ANY GIVEN MONDAY
We might be a few weeks from the vernal equinox but winter has never been my thing so I'm happy to run with the crowd and have it officially called off tomorrow.
In the spirit of spring cleaning, then, it's time for a bit of a notebook dump from the past few months.
1. Beware the strawman arguments everywhere. For example, the "argument" used by Sky chief executive Martin Stewart – on socmed – to claim inaccurate reporting and to defend the commodification of school sport and student athletes by saying the Next programme is a free service. It is immaterial.
The push into school sport is clearly strategic on the broadcaster's part – much like building playgrounds in restaurants was for McDonald's – rather than revenue driven, but Sky Next is undeniably a commercial arrangement underpinned by commercial contracts that the network is party to and from which somebody stands to profit. If that is wrong, then please walk us through the mechanics of this altruism.
2. Likewise, nobody is arguing that shining a light on minority sports that struggle for coverage is a bad thing. Commercialising children playing sport is though. It's not that difficult a concept to grasp.
3. Do not get me started (well, not yet anyway) on the "Charter" that is designed to protect televised school sport from all its ills and consequences. It has more chance of eliminating dengue fever.
4. What is actually happening in rugby? Apart from the Sort-of-North v Somewhat-South on Saturday does anybody have any real idea about how the rest of the year will pan out?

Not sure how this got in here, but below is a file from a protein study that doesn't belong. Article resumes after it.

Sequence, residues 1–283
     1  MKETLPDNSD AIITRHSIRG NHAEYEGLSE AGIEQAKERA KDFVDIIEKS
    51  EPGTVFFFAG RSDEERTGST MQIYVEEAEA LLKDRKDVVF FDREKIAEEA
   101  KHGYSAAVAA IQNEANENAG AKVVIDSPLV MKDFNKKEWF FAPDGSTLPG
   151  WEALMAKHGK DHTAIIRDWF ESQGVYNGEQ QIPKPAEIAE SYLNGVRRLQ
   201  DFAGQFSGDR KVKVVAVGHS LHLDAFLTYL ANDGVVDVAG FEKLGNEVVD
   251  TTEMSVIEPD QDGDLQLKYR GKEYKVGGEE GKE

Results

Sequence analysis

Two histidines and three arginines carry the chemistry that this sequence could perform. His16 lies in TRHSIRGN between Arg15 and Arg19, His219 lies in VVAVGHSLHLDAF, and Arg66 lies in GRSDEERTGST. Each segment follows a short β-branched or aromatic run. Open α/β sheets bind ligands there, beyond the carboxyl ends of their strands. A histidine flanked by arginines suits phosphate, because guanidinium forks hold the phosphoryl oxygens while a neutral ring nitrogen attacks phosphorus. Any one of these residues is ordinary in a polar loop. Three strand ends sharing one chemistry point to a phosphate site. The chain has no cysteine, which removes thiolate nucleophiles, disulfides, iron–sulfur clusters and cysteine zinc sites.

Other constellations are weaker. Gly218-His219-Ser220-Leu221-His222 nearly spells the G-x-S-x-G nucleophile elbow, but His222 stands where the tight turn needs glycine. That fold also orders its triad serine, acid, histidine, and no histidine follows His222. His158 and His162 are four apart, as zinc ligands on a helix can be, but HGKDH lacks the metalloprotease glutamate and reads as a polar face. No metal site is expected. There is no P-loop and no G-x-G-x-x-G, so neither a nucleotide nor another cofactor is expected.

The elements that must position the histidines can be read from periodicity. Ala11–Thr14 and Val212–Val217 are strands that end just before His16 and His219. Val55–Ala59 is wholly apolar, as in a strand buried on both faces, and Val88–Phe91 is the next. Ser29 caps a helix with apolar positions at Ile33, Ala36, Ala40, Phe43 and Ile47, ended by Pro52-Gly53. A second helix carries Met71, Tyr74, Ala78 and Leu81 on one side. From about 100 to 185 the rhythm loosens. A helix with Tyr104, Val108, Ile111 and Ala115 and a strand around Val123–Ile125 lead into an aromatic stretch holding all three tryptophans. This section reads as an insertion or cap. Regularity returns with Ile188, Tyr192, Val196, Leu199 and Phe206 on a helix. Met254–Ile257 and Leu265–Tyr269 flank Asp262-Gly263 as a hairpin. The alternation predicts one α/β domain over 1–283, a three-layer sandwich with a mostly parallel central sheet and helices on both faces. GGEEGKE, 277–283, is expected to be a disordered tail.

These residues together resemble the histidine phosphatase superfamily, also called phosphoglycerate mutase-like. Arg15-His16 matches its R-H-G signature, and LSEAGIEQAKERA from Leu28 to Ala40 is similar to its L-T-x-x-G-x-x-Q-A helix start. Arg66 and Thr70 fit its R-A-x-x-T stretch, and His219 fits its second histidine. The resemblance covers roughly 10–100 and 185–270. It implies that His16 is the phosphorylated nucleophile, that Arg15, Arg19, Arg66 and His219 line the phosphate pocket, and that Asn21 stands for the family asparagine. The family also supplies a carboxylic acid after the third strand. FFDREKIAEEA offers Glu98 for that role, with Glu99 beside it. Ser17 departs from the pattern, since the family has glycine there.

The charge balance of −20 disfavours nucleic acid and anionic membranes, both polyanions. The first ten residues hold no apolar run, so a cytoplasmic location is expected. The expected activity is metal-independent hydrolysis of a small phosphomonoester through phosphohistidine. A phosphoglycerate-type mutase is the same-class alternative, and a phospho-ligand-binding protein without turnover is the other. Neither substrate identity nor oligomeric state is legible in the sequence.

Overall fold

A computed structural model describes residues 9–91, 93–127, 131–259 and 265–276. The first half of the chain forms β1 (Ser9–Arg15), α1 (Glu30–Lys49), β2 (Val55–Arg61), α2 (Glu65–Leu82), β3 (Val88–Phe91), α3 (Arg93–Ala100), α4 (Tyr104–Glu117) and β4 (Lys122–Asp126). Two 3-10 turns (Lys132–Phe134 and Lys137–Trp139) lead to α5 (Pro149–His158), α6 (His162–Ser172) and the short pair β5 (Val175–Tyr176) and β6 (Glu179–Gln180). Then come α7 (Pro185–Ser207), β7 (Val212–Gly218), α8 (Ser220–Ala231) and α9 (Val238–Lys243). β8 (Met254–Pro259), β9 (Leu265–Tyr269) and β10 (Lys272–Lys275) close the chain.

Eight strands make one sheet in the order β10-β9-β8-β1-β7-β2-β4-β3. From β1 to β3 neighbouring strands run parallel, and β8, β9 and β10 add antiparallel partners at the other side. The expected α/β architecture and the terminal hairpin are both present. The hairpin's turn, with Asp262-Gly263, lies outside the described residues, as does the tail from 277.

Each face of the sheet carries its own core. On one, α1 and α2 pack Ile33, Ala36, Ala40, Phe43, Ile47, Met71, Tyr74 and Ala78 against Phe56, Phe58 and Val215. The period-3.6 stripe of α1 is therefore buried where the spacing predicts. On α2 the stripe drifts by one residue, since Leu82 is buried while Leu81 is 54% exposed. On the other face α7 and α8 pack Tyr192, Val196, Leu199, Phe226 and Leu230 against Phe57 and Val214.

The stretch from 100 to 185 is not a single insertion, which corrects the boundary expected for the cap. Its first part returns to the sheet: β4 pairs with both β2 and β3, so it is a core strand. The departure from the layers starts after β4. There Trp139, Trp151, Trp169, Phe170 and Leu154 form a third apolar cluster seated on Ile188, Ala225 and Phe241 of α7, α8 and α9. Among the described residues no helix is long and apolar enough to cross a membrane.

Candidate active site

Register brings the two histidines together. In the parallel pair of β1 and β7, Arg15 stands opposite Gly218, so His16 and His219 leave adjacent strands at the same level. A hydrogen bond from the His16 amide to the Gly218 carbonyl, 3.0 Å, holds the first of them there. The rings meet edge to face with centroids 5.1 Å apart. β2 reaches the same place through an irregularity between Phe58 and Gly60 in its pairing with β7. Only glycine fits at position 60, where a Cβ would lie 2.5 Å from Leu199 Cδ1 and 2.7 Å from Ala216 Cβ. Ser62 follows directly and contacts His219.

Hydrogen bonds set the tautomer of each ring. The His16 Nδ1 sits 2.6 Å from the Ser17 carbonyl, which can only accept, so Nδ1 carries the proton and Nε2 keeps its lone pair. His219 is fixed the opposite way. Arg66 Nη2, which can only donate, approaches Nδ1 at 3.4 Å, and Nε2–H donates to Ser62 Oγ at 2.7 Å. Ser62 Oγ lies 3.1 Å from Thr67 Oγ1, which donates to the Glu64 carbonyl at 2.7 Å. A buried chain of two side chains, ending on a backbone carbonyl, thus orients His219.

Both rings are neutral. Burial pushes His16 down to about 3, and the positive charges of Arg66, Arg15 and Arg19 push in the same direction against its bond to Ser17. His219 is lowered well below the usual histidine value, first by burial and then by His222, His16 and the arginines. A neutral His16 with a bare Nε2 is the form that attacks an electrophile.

5. The Warriors might not win the NRL this year – or any year – but they'll always have Tamworth.
6. A small plea for the negotiating parties to wind their necks in and get the Joseph Parker v Junior Fa fight over the line.
7. We all want to see it, but it feels like Lionel Messi to the Premier League is a season or two too late. The diminutive Argentine is a genius with the ball at his feet but a lot of modern success seems to be based on what you do when you haven't got the ball.
The high press or geggenpress is today's tactical currency and Messi wants no part of that. Still, someone please make it happen.
8. Scott Dixon is an ageless wonder. It was more than four years ago that I pondered upon page whether the open-wheel racer was the country's most under-appreciated athlete, and if anything the question has more currency.
With 50 race wins he is just two behind the legendary Mario Andretti who sits at second on the all-time list. In all probability he's not going to get to AJ Foyt (67) but finishing your career sandwiched between those two on the Indycar honours board is not the worst thing.
There's the small matter of five championships that could be six by the end of the year, as well.
9. Has there ever been less anticipation about a tennis grand slam event than the US Open? Even New Zealand's most celebrated tennis extremist Matt Brown must be struggling to muster his usual breathless enthusiasm for a tournament shorn of Federer, Nadal, Barty, Halep, Monfils, Fognini, Wawrinka, Kyrgios, Svitolina, Andreescu, Bertens and Bencic.
Martina Navratilova is quick to point out that the titles won't come with an asterisk and technically she's right, but it will be a slightly hollow triumph.